Evidence still matters when moving to compel arbitration (Avery v. Integrated Healthcare)


Once again, I find myself playing catch-up after devoting a lot of spare time to examining the logistics of career moves.  In this installment, we see that evidence still matters when moving to compel (or resist) arbitration.  In Avery v. Integrated Healthcare Holdings, Inc., (Jun. 27, 2013; pub. ord. Jul. 23, 2013), the Court of Appeal (Fourth Appellate District, Division Three) affirmed a trial court order denying motions to compel individual arbitration.  The plaintiffs filed a wage & hour class action against defendants, alleging failure to pay overtime properly for employees working on 12-hours shifts.  Defendants filed eight motions to compel individual arbitration against the plaintiffs.  The trial court denied all motions, finding Integrated “failed to meet [its] burden to show that any of the Plaintiffs are subject to an enforceable arbitration agreement."

The Court of Appeal agreed with the trial court’s conclusion that defendants could not simply collect an assortment of documents, modified over time, and claim enforceable arbitration agreements or class waiver clauses:

Integrated sought to compel Plaintiffs to individually arbitrate their claims based on two arbitration agreements: (1) the Fair Treatment Process in the Tenet Employee Handbook, and (2) the Alternative Dispute Resolution Process in the Integrated Employee Handbook. We conclude Integrated is limited to the Fair Treatment Process because (1) it issued the Integrated Employee Handbook and its Alternative Dispute Resolution Process after Plaintiffs’ claims accrued, and (2) it failed to notify Plaintiffs or any other employees about the Integrated Employee Handbook.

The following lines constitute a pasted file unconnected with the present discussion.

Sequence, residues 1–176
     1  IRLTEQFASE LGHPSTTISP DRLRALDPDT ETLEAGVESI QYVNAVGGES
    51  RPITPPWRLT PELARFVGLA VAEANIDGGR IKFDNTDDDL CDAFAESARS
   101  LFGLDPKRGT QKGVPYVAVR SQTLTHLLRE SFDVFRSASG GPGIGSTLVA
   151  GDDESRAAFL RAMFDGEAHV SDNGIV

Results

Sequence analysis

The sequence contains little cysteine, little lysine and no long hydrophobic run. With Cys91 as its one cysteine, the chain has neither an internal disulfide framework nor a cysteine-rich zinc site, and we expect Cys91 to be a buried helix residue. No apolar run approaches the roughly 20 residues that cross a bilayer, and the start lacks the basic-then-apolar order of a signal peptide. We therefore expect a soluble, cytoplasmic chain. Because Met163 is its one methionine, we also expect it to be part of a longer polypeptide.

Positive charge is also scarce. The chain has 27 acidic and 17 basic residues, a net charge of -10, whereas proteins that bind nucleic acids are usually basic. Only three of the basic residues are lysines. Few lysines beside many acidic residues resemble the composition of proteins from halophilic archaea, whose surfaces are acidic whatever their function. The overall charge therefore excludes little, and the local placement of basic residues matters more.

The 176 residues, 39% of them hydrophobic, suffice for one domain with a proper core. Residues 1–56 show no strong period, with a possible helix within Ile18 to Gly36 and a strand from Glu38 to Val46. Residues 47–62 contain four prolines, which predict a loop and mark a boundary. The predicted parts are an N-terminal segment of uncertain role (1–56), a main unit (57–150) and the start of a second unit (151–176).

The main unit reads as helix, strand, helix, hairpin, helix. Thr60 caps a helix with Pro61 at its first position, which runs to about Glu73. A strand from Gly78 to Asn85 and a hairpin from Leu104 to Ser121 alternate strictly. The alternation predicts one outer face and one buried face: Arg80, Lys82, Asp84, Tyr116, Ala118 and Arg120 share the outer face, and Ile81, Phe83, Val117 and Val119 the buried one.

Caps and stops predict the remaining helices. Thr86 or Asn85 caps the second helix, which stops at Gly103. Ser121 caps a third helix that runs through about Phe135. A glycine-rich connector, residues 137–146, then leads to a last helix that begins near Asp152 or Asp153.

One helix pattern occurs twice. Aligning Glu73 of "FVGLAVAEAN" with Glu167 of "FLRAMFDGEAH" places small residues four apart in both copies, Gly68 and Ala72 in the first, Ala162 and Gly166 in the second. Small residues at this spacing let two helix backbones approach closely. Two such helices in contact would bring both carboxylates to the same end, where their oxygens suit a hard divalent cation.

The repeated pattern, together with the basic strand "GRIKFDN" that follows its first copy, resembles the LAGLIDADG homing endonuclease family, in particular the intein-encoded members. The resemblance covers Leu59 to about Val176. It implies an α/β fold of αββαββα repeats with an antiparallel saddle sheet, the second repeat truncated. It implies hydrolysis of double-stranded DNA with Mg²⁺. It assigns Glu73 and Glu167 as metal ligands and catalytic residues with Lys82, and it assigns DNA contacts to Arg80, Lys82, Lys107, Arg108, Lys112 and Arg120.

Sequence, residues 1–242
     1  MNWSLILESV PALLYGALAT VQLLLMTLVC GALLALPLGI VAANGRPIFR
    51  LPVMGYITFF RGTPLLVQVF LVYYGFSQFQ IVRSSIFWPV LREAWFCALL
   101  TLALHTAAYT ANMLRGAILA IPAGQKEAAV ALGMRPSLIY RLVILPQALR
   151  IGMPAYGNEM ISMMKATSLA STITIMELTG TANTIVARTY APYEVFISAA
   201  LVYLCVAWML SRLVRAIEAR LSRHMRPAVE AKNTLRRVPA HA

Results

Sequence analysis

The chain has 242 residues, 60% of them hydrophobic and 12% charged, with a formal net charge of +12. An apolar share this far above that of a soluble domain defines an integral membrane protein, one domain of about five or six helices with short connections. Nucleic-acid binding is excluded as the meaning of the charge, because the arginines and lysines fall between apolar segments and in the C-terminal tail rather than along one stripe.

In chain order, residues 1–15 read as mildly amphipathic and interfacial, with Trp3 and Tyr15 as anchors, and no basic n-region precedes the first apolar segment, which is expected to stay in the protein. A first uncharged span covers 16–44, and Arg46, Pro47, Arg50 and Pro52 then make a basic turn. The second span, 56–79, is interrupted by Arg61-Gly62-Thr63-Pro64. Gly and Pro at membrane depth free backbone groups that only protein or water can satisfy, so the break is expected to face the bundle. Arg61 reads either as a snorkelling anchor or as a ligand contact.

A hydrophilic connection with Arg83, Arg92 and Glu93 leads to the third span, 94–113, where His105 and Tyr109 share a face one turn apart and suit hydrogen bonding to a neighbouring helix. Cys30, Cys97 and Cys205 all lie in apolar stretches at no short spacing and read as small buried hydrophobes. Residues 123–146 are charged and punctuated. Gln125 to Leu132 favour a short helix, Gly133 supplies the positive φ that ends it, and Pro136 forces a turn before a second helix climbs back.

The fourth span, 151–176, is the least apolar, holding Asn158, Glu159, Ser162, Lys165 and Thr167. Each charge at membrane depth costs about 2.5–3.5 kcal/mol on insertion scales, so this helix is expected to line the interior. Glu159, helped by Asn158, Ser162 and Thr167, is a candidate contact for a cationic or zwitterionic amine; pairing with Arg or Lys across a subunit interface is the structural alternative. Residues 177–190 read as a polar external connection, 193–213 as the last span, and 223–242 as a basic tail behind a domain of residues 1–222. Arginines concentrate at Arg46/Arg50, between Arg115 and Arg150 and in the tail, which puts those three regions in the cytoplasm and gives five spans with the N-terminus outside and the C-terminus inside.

Four months after Avery filed her initial class action complaint, Integrated unilaterally modified the Fair Treatment Process in the Tenet Employee Handbook by renaming it the Alternative Dispute Resolution Process and adding a class arbitration waiver. Integrated modified the Fair Treatment Process based on a provision that authorized the employer to “change or modify the FTP procedures from time-to-time without advance notice and without the consent of employees.” Integrated posted the Integrated Employee Handbook containing the Alternative Dispute Resolution Process on its intranet page, but it did not provide employees with a copy of the new handbook, instruct employees to review the new handbook on the intranet page, or even notify employees of the new handbook’s existence.

Slip op., at 10.  The Court went on to hold that the right to unilateral modification is governed by the covenant of good faith and fair dealing:  “An arbitration agreement between an employer and an employee may reserve to the employer the unilateral right to modify the agreement. (24 Hour Fitness, supra, 66 Cal.App.4th at pp. 1214-1215.) But the covenant of good faith and fair dealing implied in every contract requires the employer to exercise that right fairly and in good faith so as not to deprive the employee of his or her reasonable expectations under the agreement.”  Slip op., at 10.

The Court also found that defendant failed to provide adequate evidence of an enforceable agreement accepted by the plaintiffs.  Having affirmed the trial court on that ground, the Court declined to analyze whether the class waivers that defendants added later were simply statements of existing law under Stolt-Nielsen.

The Court concluded its opinion by stating that an arbitration agreement in an employee handbook could be enforceable, so long as the agreement and its acceptance are adequately proven by substantial evidence.